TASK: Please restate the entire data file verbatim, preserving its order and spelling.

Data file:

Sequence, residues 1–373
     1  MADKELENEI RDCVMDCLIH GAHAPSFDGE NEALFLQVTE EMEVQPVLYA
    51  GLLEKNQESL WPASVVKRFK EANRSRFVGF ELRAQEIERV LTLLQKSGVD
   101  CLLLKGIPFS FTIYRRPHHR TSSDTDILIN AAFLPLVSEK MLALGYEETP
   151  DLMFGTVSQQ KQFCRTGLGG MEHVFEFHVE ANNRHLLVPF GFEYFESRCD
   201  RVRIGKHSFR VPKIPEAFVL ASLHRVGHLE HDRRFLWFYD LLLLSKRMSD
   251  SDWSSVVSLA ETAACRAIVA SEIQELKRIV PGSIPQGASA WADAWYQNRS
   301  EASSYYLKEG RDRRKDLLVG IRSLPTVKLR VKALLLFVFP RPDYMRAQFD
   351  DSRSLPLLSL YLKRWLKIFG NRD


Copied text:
Sequence, residues 1–373
     1  MADKELENEI RDCVMDCLIH GAHAPSFDGE NEALFLQVTE EMEVQPVLYA
    51  GLLEKNQESL WPASVVKRFK EANRSRFVGF ELRAQEIERV LTLLQKSGVD
   101  CLLLKGIPFS FTIYRRPHHR TSSDTDILIN AAFLPLVSEK MLALGYEETP
   151  DLMFGTVSQQ KQFCRTGLGG MEHVFEFHVE ANNRHLLVPF GFEYFESRCD
   201  RVRIGKHSFR VPKIPEAFVL ASLHRVGHLE HDRRFLWFYD LLLLSKRMSD
   251  SDWSSVVSLA ETAACRAIVA SEIQELKRIV PGSIPQGASA WADAWYQNRS
   301  EASSYYLKEG RDRRKDLLVG IRSLPTVKLR VKALLLFVFP RPDYMRAQFD
   351  DSRSLPLLSL YLKRWLKIFG NRD